Intended to demonstrated Churchill’s impartiality or fairness by alluding to a cypher of an Israeli peace faction? Israeli society is apparently sharply divided into paranoiac hawks and doves so realist as to be almost pacificist.

    No dramatically real suggestion that most Israeli Jews, in fact, are somewhere in between.

    “Tell her they want to drive us into the sea.”

    Repetition. This time to represent the re-enforcement of the lie. Duplication is duplicity. This time affirmation is Denial.

    “Tell her we kill far more of them”

    OK. Now we’ve jumped to very strange territory.

    Israel has tended to kill more of its enemies that vice versa. Most successful armies, most states that successfully defend themselves in war do.

    The western Allies, if not the Soviets, killed far mor Germans than vice versa. The Russians kill 100 000 Chechnyans for approximately 10 000 Russians. The Allies in the First Gulf War kill perhaps 100 000 Iraqis, military and civilian, for a few hundren military dead.

    Hithertoo, Churchill’s recounting of the Arab-Israeli conflict has been like speaking only of Allied casualties inflicted on Axis forces in World War Two.

    Churchill presumably means that, because Israel has inflicted more casualties on her enemies that vice versa, any notion of an existential threat to her is unreal.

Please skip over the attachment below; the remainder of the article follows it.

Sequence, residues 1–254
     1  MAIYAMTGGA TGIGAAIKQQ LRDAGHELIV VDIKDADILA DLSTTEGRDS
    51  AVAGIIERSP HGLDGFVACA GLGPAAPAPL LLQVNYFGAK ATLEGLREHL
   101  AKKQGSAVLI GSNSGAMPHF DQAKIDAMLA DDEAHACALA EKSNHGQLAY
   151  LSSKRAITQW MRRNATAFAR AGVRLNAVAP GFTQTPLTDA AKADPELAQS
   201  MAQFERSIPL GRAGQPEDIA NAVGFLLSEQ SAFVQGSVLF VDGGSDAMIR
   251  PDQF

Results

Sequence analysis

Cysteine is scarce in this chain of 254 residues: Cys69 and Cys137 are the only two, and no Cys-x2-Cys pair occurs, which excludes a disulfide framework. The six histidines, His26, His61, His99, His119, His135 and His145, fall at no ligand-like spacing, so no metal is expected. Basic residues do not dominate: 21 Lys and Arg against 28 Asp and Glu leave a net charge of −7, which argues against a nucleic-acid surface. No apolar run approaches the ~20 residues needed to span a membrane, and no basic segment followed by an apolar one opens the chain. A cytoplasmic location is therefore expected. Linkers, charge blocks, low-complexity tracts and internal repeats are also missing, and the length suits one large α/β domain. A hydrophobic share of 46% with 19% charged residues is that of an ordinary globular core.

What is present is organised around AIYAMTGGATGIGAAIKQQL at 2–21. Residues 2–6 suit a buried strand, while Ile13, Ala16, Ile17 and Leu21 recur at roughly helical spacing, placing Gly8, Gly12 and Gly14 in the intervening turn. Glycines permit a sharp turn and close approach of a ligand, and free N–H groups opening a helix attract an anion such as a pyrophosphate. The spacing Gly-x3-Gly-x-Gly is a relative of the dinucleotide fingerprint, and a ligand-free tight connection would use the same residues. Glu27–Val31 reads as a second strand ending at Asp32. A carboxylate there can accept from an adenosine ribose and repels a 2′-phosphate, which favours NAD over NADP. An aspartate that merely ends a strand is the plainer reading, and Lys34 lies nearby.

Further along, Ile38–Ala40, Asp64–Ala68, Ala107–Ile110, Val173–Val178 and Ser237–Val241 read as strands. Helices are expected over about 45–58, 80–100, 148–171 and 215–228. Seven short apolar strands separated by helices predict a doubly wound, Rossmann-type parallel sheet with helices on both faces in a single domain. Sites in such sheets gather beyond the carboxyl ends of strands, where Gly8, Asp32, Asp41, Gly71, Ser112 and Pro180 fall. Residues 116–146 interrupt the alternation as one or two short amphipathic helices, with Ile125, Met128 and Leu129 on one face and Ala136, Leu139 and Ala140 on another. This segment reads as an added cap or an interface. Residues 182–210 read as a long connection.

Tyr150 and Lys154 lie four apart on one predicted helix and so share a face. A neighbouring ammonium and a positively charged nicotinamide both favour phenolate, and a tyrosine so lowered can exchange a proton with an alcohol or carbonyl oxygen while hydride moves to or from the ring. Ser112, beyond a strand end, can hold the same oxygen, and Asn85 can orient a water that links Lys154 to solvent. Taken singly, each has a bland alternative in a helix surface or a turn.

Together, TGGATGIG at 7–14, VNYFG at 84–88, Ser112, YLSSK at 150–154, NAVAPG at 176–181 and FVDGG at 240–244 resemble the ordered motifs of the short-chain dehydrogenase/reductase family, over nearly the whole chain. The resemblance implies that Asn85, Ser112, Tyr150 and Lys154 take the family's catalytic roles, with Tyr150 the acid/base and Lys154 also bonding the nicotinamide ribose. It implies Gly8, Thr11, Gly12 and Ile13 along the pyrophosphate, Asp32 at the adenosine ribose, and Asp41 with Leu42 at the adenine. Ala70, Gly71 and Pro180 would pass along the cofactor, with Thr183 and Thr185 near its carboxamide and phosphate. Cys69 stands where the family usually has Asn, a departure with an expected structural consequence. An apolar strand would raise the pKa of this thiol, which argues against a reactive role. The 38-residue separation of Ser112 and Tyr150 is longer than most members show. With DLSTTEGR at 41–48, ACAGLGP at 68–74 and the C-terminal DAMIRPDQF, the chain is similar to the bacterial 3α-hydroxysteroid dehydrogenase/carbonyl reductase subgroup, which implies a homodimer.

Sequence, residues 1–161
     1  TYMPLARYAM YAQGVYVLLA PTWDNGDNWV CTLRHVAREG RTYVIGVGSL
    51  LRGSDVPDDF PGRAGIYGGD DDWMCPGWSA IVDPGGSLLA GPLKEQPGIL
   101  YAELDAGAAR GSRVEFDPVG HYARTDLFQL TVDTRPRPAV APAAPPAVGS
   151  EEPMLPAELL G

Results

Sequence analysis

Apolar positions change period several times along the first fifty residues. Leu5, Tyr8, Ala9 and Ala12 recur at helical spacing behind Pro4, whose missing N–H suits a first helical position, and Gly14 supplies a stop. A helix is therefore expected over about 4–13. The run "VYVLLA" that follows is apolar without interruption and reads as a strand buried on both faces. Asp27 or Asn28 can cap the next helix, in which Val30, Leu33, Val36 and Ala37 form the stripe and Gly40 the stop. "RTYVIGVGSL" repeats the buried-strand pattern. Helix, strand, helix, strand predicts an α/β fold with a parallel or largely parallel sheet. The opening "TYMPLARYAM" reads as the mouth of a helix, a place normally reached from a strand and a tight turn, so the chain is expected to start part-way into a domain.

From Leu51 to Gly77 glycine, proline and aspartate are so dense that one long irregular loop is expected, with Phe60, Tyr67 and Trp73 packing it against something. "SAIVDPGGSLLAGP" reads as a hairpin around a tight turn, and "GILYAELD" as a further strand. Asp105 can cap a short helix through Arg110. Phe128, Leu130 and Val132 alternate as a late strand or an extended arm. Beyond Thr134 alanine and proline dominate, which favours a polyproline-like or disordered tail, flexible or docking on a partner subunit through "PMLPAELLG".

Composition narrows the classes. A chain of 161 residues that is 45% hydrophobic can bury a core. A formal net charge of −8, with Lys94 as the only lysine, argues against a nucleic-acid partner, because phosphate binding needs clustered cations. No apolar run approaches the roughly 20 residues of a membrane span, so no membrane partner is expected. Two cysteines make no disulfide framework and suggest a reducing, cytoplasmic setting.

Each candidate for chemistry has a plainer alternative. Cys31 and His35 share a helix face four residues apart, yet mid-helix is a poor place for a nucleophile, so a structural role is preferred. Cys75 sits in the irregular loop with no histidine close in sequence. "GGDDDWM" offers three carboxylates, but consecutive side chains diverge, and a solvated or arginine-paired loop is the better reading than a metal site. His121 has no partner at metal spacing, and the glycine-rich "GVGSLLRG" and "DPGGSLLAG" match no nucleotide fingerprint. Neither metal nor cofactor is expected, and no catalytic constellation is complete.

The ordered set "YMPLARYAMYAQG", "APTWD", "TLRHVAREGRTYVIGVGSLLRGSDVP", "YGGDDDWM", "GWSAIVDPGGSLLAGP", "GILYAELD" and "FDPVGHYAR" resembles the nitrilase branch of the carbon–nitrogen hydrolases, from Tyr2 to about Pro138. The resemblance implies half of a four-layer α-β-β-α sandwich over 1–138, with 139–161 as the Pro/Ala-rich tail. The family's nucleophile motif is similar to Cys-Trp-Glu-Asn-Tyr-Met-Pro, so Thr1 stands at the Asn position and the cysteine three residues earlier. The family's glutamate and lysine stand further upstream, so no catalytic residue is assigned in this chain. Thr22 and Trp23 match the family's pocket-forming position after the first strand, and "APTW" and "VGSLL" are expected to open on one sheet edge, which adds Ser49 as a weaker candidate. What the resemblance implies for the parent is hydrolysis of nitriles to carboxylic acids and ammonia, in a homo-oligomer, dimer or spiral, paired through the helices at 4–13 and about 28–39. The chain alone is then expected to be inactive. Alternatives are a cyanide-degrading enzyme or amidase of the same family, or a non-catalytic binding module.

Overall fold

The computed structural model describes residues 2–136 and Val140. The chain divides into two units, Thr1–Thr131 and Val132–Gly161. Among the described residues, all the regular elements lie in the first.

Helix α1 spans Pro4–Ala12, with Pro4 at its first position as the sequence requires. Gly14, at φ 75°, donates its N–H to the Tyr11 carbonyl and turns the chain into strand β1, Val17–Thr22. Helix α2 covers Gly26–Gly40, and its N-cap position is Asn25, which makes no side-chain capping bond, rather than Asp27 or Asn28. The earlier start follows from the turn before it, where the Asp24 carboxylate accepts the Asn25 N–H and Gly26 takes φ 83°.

The duplication of “Tell her they want to drive us into the sea” is juxtaposed with “Tell her we kill far more of them” because Churchill wishes to make a polemical point that there is no existential threat to Israel’s existence and, perhaps, given her constant muddling of the timeline, past and present, that there never has been.

    It is not entirely clear whether “Tell her we kill far more of them” is said to contradict or mitigate “Tell her they want to drive us into the sea”. Hithertoo has signalled “lie” versus “truth” by the “tell/don’t tell formula”. Hence it looks like “Tell her we kill far more of them” is said in the same spirit, as it were, as “Tell her they want to drive us into the sea” i.e. exultingly.

    This will lead into issues of Israeli Jews’ exulting in Palestinian Muslims’ deaths below.

    “Don’t tell her that”

    Because, presumably, it is too exulting, to ugly. Confirming the above hypothesis.

    “Tell her that
    Tell her we’re stronger”

    I.e. use a euphemism for killing i.e. lie.